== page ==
Apple has been rumored to be working on new computing devices that will use its own A-series processors instead of ones from Intel. Now, a new note from former KGI Securities analyst Ming-Chi Kuo details how Apple will transition from using Intel’s Core processors to its own chipsets. In a new investor note, Kuo believes that we could see Macs with Apple’s own chipsets by 2020 and an autonomous car system powered by a custom silicon could arrive by 2023.
The report from Kuo, detailed by 9to5Mac, reveals that Apple will retain TSMC as the sole supplier for A-series chipsets. The Taiwanese foundry stands to reap benefits if Apple switches entirely to A-series chips for all devices from iPhone to Mac. Kuo also predicts that Apple will only become more dependent on TSMC since it offers high-quality design and production compared to other foundries.
According to Kuo, Apple will introduce the first Mac powered by its custom-designed ARM chips only in 2020 or 2021. He notes that dropping Intel processors will release Apple from sticking with the Santa Clara-based chipmaker’s release schedules for its own product lineup. The new details are in line with a report from Bloomberg, which stated Apple plans to switch over to A-series processors for Mac by 2020.
By moving to A-series processors for Mac lineup, Apple will also be able to increase its profit margins and have higher market share by lowering the price of future products. Kuo also adds that this will result in TSMC delivering better profits than its rivals in the foundry business.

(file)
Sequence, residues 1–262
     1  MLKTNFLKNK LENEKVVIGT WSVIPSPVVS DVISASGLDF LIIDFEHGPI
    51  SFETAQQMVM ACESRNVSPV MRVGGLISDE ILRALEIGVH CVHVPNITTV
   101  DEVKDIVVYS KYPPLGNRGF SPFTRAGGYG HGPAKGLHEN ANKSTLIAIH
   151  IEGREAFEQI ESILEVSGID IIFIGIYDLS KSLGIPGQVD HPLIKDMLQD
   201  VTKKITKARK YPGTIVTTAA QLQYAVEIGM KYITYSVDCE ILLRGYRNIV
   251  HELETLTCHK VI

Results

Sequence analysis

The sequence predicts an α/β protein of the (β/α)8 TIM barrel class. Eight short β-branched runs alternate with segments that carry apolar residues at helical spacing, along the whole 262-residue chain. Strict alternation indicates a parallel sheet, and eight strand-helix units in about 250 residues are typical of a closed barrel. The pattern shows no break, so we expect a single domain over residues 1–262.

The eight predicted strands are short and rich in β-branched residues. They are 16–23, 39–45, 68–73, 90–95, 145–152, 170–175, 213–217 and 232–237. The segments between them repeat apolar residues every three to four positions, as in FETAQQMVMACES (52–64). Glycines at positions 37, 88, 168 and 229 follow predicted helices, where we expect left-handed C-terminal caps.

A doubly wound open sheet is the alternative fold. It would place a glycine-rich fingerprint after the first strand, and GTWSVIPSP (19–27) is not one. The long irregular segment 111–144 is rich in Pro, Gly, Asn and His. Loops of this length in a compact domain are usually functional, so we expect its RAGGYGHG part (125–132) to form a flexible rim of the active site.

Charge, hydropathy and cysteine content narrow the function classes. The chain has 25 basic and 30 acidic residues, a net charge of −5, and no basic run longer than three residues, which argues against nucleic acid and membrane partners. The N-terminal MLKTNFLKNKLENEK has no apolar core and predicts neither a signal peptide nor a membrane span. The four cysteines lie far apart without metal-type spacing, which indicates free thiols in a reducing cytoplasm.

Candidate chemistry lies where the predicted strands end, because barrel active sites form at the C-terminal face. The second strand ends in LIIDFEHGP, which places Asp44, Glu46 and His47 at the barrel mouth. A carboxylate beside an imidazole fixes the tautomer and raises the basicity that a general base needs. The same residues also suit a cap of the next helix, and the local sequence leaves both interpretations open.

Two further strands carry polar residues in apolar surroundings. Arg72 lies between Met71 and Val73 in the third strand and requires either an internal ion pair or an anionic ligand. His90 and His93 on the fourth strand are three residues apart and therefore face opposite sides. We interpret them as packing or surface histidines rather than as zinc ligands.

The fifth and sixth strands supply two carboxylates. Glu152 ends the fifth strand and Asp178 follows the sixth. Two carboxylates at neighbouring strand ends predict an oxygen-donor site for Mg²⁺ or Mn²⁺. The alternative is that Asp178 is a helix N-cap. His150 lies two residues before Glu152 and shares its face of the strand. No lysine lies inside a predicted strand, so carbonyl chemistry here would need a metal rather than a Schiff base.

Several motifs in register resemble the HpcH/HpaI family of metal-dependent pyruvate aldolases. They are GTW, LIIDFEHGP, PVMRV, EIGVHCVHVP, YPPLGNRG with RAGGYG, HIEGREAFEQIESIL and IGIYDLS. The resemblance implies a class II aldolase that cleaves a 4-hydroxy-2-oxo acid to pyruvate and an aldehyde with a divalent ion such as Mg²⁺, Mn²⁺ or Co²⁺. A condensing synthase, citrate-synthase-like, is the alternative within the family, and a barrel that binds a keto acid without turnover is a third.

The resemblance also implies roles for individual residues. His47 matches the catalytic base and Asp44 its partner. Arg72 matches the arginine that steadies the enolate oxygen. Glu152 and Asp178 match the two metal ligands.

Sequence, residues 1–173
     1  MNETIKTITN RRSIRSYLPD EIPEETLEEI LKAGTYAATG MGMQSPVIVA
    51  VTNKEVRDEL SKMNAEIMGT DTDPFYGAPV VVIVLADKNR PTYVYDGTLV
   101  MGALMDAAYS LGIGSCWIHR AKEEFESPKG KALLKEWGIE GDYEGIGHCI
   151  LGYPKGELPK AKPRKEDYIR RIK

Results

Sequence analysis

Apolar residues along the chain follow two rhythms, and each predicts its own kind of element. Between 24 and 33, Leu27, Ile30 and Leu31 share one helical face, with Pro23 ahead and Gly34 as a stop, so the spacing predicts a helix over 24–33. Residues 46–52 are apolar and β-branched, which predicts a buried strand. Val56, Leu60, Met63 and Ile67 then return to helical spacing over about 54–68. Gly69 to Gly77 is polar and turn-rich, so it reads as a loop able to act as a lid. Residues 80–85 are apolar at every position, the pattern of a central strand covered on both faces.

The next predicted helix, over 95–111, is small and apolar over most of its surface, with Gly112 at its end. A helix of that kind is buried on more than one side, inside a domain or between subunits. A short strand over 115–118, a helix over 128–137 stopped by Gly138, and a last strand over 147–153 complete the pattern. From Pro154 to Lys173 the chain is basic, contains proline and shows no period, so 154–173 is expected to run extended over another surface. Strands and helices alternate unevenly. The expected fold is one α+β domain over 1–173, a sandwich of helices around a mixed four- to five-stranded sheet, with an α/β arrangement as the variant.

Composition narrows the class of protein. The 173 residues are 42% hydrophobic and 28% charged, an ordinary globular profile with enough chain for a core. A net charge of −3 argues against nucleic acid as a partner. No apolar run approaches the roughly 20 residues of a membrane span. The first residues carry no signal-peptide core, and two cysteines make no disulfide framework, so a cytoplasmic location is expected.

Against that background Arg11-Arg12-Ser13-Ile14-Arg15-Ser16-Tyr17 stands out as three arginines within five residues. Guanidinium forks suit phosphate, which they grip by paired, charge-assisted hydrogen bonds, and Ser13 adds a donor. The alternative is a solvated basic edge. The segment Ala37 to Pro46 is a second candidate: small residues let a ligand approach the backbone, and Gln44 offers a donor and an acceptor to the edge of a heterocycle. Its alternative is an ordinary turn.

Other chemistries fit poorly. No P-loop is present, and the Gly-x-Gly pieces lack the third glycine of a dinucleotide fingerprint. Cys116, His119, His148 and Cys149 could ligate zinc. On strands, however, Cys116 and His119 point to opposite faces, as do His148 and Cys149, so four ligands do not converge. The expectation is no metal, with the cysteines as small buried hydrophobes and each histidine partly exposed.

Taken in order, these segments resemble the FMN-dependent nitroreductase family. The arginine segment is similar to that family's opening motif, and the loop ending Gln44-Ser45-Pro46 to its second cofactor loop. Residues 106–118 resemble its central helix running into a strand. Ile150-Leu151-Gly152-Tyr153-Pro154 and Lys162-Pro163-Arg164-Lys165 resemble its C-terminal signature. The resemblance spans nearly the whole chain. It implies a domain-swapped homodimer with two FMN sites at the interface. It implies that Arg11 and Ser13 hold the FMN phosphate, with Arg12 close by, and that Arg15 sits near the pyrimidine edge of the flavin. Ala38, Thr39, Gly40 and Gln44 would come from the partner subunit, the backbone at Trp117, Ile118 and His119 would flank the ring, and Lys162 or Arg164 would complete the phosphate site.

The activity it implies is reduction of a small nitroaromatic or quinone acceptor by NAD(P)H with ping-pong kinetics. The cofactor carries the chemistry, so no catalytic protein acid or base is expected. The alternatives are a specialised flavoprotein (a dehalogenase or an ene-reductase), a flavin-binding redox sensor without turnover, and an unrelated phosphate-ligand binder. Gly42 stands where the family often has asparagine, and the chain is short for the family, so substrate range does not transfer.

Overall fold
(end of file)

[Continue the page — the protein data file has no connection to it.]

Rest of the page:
Kuo says TSMC will have a better first quarter in 2019 with the demand for iPhone XR powered by the new A12 Bionic chipset. The Taiwan Semiconductor Manufacturing Company reported a marginal loss during the first quarter of this year due to lower than expected demand for A11 Bionic. The note adds that TSMC will remain the sole supplier for Apple A13 SoC next year and the A14 in 2020.
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TSMC, according to Kuo, will also be delivering custom chips for Apple’s Advanced Driver Assistance System, which could power autonomous vehicles. He believes Apple is working to bring Level 4 or Level 5 fully autonomous driving to consumers. The autonomous driving technology will rely on TSMC’s 3nm or 5nm chip process in the future. Apple has been running multiple tests in California but has remained silent about its efforts in this space.